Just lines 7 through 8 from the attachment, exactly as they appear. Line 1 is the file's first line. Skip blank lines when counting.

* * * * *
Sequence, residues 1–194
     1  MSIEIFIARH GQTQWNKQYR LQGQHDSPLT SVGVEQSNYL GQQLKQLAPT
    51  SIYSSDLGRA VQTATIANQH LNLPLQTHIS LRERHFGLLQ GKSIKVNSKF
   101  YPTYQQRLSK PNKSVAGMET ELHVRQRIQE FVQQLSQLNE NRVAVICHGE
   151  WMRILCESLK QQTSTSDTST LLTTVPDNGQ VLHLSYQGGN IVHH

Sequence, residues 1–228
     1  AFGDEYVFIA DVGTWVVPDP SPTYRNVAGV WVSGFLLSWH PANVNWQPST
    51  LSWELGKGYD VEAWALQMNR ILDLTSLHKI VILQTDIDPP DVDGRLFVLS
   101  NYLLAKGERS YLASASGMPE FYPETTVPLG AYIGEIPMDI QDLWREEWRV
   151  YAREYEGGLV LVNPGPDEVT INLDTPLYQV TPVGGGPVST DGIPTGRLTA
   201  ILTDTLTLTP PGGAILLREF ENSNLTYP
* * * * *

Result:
     1  AFGDEYVFIA DVGTWVVPDP SPTYRNVAGV WVSGFLLSWH PANVNWQPST
    51  LSWELGKGYD VEAWALQMNR ILDLTSLHKI VILQTDIDPP DVDGRLFVLS